In Illinois and other jurisdictions across the United States, it is illegal to forge or otherwise alter valid documents for unlawful purposes. As most of the U.S. government system operates on the validity of certain information, it is vital to preserve authenticity. Consequently, there are strict penalties for forging or altering pieces of identification or other official documents.
What is the Definition of Forgery in Illinois?
The definition of forgery under Illinois law appears in 720 ILCS 5/17-3. In larger terms, forgery involves the knowing and intentional falsification of documents. Specifically, a person commits forgery under Illinois law if he or she knowingly:
- Creates a false document that is capable of defrauding another person;
- Alters an otherwise valid document to defraud another person; or
- Possesses or delivers such a false document to another person with the intention to defraud.
Under 720 ILCS 5/17-3, there is also a provision that concerns digital signatures in the modern age. Essentially, it is a crime to repurpose or adjust digital signatures with the intent to defraud.
What are the Penalties for Forgery in Illinois?
The penalties for forgery in Illinois also appear in 720 ILCS 5/17-3. Though the criminal charges and corresponding penalties change based on the circumstances of the offense.
In most cases, forgery is a Class 3 felony in Illinois. The typical penalties for a Class 3 felony in Illinois include two to five years in prison, $25,000 in fines, and 30 months of probation, conditional discharge, or court supervision.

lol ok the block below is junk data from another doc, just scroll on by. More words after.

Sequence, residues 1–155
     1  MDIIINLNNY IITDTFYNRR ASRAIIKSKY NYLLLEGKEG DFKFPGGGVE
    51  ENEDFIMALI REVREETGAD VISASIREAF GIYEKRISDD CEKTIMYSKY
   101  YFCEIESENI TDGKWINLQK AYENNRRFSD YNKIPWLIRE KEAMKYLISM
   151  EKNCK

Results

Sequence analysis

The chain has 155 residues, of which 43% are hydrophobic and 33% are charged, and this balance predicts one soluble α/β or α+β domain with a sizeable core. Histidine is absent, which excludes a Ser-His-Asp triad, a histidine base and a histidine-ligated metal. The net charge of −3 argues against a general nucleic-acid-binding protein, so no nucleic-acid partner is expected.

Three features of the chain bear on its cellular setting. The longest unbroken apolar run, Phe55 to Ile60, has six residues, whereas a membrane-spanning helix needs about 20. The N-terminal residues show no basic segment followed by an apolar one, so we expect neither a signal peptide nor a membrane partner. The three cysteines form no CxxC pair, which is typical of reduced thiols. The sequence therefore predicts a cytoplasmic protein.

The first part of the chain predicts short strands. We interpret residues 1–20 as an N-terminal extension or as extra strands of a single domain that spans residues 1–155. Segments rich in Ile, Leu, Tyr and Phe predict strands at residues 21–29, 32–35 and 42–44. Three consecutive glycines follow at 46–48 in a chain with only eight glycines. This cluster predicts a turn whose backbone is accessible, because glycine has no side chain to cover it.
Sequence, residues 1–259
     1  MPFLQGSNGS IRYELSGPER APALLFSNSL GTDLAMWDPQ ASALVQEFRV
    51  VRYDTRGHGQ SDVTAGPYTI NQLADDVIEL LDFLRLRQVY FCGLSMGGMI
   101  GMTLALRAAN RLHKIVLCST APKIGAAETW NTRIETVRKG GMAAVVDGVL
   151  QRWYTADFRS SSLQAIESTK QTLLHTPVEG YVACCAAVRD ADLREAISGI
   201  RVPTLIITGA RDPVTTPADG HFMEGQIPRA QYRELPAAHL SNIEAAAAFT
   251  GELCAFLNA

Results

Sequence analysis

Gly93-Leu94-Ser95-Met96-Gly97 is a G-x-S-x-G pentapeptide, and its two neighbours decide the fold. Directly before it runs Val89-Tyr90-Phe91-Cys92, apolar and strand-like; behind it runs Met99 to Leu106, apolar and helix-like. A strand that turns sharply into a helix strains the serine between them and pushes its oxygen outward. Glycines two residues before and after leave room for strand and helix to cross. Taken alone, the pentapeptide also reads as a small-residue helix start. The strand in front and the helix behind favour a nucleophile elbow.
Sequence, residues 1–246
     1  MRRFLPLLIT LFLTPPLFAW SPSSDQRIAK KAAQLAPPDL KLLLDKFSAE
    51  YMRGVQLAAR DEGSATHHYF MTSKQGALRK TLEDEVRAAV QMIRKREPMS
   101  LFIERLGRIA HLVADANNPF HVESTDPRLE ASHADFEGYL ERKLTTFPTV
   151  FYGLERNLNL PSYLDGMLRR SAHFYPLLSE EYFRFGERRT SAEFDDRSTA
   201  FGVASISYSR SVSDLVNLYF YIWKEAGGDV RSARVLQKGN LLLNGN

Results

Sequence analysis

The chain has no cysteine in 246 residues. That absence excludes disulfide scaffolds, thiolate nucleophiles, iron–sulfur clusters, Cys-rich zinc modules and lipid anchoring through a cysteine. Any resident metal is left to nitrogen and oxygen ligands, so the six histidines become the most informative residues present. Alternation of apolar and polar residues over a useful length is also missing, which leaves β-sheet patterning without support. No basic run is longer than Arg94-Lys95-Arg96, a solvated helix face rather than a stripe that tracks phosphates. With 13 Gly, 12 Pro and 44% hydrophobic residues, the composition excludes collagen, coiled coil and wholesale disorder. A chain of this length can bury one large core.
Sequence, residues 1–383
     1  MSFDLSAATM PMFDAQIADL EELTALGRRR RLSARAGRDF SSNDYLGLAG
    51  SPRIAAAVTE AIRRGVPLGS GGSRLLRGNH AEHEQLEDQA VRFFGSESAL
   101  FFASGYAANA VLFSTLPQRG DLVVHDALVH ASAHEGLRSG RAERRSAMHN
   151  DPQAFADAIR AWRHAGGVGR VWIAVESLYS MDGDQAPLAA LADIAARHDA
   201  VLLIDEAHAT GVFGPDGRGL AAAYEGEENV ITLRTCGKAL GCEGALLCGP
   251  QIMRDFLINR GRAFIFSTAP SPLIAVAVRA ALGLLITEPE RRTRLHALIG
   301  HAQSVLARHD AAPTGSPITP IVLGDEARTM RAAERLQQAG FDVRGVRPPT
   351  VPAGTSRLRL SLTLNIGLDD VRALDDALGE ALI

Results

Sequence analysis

On the other hand, forgery is a Class 4 felony in Illinois when the offender forges a Universal Price Code Label. The typical penalties for a Class 3 felony in Illinois include one to three years in prison, $25,000 in fines and 30 months of probation, conditional discharge, or court supervision.
Additionally, forgery is a Class A misdemeanor in Illinois when the offender forges an academic degree or a coin. The typical penalties for a Class A misdemeanor in Illinois include 364 days in jail, $2,500 in fines and 24 months of probation, conditional discharge, or court supervision.
At this juncture, it is vital to note an important exception. The Illinois forgery laws do not apply to certain academic diplomas. Specifically, if an academic diploma states, “for novelty purposes only,” that degree is immune from Illinois forgery laws.
Do You Need Legal Help?
No matter what the criminal offense, all charges are serious. A sound strategy and an aggressive defense are essential for a positive outcome. To protect your rights in such situations, it is highly advisable to retain legal counsel from an experienced criminal defense attorney.
The Prior Law Firm in Bloomington, Illinois, has proven experience in matters of criminal defense. If you need legal help with criminal defense, contact us today for a free consultation. You can reach The Prior Law Firm by phone at (309) 827-4300, email at email@example.com or by completing an online form.
(image courtesy of Sidney Pearce)